Jul 26, 2013

Review: Anatomy of a Boyfriend by Daria Snadowsky

Title: Anatomy of a Boyfriend
Author: Daria Snadowsky
Publisher: Delacorte Books for Young Readers
Publication Date: 1.9.2007
Pages: 272
Genre: Contemporary, New Adult
Series: Anatomy #1
Source: ebook from author

Rating: B+

Summary (from Goodreads):
Before this all happened, the closest I'd ever come to getting physical with a guy was playing the board game Operation. Okay, so maybe that sounds pathetic, but it's not like there were any guys at my high school who I cared to share more than three words with, let alone my body.

Then I met Wes, a track star senior from across town. Maybe it was his soulful blue eyes, or maybe my hormones just started raging. Either way, I was hooked. And after a while, he was too. I couldn't believe how intense my feelings became, or the fact that I was seeing—and touching—parts of the body I'd only read about in my 
Gray's Anatomy textbook. You could say Wes and I experienced a lot of firsts together that spring. It was scary. It was fun. It was love.

And then came the fall.

When Daria Snadowsky first approached me about reading Anatomy of a Boyfriend, I did a little research. I quickly saw a lot of polarizing reviews on Goodreads and I also noticed that this book was released several years ago. And while I don’t normally review books on the blog that have been out that long on the blog, I felt like this one really warranted the attention.

Let’s first address the host of negative reviews that this book has garnered: The problem is that this book is very much a New Adult genre book that hit the market well before that genre blew up. This is very much the story of a girl growing up and becoming an adult and experience adult situations and circumstances. Yes, there is sex (graphic sex) in this book. But Snadowsky in no way glamorizes it. There is no magical moment where everything is perfect and blissful and both parties are immediately in forever love. Kudos to Snadowsky for showing a first time for what it is: awkward, messy, embarrassing, and above all else, memorable (even if you really might want to forget it). There were several moments that I was embarrassed for these characters.

Speaking of characters, let’s talk about Dom. I’ll be honest: Dom is funny, cute, insecure, frustrating, and loveable all in one package. In short? She’s a teenager. A realistic, every day, lives down the street from you/was you in high school teenager. She is one of the most realistic and accurately portrayed characters I’ve ever read. She doesn’t subscribe to the school of Dawson’s Creek where every teen speaks in an adult manner and with total sophistication. I was texting a friend while reading this and here’s sort of how it went:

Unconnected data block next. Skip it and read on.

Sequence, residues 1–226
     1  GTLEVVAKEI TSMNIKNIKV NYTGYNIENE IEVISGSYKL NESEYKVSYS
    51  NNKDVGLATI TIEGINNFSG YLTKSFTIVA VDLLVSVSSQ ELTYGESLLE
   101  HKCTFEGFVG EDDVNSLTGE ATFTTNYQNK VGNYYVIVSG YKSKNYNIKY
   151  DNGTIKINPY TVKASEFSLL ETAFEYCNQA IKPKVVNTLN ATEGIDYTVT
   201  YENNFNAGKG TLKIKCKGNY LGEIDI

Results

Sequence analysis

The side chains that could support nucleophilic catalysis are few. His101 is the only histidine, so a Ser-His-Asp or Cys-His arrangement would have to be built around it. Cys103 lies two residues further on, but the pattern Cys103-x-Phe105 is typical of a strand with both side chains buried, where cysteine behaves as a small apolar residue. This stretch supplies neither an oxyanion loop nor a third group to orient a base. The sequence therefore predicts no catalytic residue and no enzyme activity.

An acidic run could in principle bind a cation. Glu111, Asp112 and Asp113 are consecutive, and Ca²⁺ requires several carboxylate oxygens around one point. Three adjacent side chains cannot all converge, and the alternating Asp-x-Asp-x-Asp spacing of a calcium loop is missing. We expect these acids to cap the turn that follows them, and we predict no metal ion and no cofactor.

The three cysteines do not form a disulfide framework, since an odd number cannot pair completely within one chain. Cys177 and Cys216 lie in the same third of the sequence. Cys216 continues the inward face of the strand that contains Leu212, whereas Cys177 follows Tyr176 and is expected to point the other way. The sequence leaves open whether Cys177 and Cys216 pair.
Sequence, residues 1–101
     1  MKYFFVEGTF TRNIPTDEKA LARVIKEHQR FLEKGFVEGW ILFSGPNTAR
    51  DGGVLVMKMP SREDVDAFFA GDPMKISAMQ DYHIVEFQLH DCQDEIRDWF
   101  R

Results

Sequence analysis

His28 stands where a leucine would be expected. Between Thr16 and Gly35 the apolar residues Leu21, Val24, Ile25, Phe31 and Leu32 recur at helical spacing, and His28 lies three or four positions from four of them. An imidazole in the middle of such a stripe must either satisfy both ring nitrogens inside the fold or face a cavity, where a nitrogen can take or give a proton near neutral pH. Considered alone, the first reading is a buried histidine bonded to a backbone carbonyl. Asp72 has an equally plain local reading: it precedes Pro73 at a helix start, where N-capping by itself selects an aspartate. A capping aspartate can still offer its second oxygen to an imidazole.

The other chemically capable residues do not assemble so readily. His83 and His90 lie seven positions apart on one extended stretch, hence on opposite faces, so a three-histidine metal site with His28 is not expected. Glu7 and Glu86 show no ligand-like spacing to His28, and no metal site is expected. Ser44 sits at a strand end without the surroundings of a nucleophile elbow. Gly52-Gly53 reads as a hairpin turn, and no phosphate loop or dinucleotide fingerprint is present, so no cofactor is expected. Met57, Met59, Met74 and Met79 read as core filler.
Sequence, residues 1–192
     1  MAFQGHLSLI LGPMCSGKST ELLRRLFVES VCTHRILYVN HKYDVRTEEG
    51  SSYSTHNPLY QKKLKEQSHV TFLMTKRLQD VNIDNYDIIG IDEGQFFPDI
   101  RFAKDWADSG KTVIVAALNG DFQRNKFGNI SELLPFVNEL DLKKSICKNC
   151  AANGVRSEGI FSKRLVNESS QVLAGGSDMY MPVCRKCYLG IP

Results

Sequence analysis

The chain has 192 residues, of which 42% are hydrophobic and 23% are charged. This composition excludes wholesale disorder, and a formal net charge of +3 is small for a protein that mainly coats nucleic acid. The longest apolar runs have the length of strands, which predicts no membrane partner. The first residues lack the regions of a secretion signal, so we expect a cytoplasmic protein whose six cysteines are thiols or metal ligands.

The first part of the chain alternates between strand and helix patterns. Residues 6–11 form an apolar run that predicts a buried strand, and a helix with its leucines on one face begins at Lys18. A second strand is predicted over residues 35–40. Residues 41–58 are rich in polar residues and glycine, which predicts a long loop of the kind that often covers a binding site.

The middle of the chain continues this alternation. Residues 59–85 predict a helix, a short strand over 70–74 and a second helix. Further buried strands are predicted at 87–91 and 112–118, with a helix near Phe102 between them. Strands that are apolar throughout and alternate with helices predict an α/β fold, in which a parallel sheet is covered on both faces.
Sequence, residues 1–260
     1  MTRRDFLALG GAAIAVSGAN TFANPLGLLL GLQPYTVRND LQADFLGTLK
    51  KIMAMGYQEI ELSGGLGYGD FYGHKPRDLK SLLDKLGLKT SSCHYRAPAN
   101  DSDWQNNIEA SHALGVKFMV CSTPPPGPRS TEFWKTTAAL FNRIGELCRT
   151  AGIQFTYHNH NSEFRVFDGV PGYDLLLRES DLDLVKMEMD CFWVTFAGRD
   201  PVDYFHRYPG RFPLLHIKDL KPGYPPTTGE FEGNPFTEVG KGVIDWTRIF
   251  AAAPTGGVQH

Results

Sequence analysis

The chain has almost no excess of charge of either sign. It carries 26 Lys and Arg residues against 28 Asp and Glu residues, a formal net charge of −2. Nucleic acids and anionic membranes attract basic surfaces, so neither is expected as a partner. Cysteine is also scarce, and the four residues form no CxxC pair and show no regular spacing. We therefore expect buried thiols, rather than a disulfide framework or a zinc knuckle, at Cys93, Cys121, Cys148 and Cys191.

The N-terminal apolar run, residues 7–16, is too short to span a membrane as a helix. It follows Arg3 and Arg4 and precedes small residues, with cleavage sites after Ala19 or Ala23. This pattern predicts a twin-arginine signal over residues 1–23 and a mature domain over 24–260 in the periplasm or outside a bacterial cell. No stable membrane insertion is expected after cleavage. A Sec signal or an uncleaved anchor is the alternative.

Me: This character is so annoying I want to slap her!
Friend: LOL. Seriously? What’s she doing?
Me: Being a teenager!
Friend: And that’s a bad thing in a YA book?
Me: Touché.

Is this book for everyone? Absolutely not. Would I hand it to a younger teen to read? I think that’s a personal call. To say teens are having sex, thinking about sex, or contemplating sex is obtuse and ignorant. My personal beliefs and issues aside, it’s just fact. But what I love about this book is how is doesn’t make everything glamorous and happily ever after. It is an accurate depiction of a teenage relationship and all the mess, drama, tears and disillusions that go along with it.


  1. Yeah, I don't think this is one I could pass along to my high school students because of graphic sex. Actually, that's a problem with NA books -- most could get me in hot water with parents because of what happens in the books. And I'm not sure I'd like Dom -- too much teenager-y-ness can be annoying!

  2. The cover for this one is so different, I've seen it around, but never thought if giving it a try. Thanks for the review!

  3. I totally agree with you on this one... and I loved what it tried to do, even though I can't say I loved the book itself, in regards to the story, etc. But for actually being honest about sex and having teen characters actually act like teens? A+ in that regard.

  4. Hmmm, I totally wouldn't call this book new adult, though she does go to college halfway through, so I suppose you can get away with it. It just felt like the issues covered were more teen things than becoming an adult things. I don't know. The sequel definitely was more new adult/adult, though.


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